Applying Humbucking (HB) Pairs Analysis to the Paul Reed Smith 513 Guitar
© 2016 Don Baker dba android originals LC, Tulsa OK
The Paul Reed Smith PRS-513 guitar, a beautiful, awesome-sounding guitar, boasts a 3-way and a 5-way switch to control two dual-coil humbuckers at the bridge and neck, with a single-coil pickup at the middle position, for a total of 5 coils Of the 15 choices, three of them are the middle single-coil pickup and thus the same, so it acknowledges that there are 13 different choices. Hence, if I understand correctly, the 513 designation, 5 coils with 13 different outputs. The 3 outputs with the middle coil alone are not humbucking.
This article will analyze what kind of HB pairs the same 5 coils could produce. Consider the neck humbucker as two coils NN (neck north up) and NS (neck south up). Suppose that the middle coil has a south pole up, which would make it MS. Consider the bridge humbucker as BN and BS. Because NN is so close to NS, and BN is so close to BS, some humbucking pair combinations will have little difference in tone from others. In the table below, the left-most column shows the supposed relative physical order of the single-coil poles in space, the middle columns show the in-phase HB pairs, with equivalent HB pair just to the right. The right columns show the contra-phase HB pairs, with any pairs with equivalent tones just to the right.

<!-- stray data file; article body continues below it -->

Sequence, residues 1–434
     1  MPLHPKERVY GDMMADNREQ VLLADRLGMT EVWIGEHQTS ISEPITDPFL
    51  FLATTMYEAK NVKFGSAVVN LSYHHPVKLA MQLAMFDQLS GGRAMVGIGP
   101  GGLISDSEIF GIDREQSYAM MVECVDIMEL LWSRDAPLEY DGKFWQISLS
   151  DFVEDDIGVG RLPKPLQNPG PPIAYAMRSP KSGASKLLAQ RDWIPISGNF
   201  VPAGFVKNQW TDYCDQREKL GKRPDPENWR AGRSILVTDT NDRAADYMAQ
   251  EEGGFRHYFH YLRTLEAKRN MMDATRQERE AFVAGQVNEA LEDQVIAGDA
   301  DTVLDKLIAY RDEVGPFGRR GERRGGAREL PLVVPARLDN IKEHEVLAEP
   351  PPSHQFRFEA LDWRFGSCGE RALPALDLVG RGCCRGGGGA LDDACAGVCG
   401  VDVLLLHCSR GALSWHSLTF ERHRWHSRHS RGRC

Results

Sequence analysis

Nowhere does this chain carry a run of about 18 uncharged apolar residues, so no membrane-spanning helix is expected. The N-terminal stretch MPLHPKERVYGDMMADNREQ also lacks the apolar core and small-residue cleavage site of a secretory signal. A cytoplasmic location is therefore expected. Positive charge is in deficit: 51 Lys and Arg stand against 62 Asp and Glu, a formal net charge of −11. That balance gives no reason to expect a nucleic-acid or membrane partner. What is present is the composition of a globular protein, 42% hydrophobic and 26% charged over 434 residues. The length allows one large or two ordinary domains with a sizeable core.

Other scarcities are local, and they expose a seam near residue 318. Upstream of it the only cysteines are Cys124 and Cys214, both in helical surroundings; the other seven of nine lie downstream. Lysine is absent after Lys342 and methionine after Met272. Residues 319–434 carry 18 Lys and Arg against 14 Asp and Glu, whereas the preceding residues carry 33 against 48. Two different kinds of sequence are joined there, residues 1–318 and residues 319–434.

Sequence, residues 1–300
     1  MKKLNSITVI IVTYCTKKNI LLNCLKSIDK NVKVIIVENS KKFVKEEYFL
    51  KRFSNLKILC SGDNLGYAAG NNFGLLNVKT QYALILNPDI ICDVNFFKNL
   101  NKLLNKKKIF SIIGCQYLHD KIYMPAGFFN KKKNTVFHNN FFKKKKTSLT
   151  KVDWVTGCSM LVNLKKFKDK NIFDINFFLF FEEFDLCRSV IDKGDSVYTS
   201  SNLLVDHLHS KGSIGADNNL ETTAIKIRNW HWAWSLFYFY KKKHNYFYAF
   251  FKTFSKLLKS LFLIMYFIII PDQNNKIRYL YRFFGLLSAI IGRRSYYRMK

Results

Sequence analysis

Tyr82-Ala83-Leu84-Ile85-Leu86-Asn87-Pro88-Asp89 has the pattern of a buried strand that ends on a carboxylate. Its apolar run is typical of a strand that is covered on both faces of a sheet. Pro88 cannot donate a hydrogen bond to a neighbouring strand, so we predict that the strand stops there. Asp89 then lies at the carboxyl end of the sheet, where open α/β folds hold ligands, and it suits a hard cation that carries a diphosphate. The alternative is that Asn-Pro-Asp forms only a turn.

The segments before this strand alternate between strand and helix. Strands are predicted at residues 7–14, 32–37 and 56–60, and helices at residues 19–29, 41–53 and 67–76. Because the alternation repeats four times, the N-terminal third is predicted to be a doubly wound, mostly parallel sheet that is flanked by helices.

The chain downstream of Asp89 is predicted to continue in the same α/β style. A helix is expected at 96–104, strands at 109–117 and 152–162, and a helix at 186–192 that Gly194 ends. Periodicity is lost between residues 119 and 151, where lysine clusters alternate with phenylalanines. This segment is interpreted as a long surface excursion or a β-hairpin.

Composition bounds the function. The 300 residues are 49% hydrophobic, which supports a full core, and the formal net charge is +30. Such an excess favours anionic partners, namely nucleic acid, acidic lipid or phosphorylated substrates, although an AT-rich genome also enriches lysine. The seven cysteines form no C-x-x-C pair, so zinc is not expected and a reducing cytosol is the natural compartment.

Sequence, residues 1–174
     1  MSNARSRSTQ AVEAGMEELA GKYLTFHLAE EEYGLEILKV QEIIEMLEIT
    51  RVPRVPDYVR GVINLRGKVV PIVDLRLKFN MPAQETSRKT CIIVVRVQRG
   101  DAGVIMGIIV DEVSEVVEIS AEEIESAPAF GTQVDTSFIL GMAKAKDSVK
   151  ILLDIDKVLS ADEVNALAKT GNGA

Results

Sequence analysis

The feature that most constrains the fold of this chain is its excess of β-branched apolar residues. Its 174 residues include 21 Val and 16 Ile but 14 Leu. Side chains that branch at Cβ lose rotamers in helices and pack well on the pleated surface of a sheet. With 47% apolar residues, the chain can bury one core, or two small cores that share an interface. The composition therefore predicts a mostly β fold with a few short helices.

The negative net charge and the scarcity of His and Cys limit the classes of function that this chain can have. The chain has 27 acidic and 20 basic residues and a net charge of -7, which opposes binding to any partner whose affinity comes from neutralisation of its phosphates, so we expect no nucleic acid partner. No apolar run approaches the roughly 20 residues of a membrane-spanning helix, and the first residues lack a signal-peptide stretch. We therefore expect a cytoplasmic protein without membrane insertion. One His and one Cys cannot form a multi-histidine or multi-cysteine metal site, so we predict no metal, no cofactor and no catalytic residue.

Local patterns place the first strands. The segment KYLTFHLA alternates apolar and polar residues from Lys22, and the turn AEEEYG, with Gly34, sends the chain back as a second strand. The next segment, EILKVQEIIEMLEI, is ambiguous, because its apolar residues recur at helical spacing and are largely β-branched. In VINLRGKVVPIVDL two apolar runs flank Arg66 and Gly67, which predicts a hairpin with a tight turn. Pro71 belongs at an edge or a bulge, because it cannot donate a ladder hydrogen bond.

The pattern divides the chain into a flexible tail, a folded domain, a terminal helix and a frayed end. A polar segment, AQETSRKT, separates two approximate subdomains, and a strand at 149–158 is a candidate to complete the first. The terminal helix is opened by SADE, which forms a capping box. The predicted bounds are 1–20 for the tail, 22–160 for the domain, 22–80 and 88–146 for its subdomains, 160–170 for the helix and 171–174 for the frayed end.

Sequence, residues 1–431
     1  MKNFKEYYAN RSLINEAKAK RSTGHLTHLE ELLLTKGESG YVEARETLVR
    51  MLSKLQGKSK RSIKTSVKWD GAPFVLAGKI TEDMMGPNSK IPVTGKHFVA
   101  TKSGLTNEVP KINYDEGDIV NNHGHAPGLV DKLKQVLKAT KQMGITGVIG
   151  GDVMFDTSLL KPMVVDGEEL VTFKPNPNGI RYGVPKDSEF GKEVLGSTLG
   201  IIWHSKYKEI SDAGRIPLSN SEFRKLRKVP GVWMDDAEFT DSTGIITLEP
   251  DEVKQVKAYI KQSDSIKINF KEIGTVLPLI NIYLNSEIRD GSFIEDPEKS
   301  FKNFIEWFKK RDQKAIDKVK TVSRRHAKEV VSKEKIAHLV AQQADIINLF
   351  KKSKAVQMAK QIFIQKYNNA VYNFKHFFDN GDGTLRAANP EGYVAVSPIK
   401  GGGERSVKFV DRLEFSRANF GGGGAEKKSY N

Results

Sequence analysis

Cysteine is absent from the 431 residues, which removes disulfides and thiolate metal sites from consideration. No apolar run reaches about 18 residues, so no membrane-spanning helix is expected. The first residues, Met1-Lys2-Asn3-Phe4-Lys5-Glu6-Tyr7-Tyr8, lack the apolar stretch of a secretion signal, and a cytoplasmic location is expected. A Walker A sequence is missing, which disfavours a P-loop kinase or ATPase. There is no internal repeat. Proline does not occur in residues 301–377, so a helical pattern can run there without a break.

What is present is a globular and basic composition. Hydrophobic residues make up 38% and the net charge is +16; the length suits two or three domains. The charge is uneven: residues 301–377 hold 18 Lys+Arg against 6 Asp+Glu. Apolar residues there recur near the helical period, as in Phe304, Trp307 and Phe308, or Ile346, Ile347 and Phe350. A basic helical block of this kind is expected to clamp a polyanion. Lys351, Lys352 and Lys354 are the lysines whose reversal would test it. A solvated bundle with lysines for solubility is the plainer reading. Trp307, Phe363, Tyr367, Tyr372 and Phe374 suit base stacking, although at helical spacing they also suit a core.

As humbucking pair theory predicts, there are 10 HB pairs, but because the close spacing of the coils at the neck and bridge, 2 of those pairs are essentially equivalent to 2 others, leaving 8 pairs with unique tonal outputs, which can be connected either in series or parallel, for a total of 16 HB pairs with unique tonal outputs out of 20.
Legal notice – The switching system for HB pairs is protected under U.S. patent pending 2016/0027422 A1, filed 7/23/2014, and an undisclosed U.S. Provisional Patent Application, filed 6/28/2016.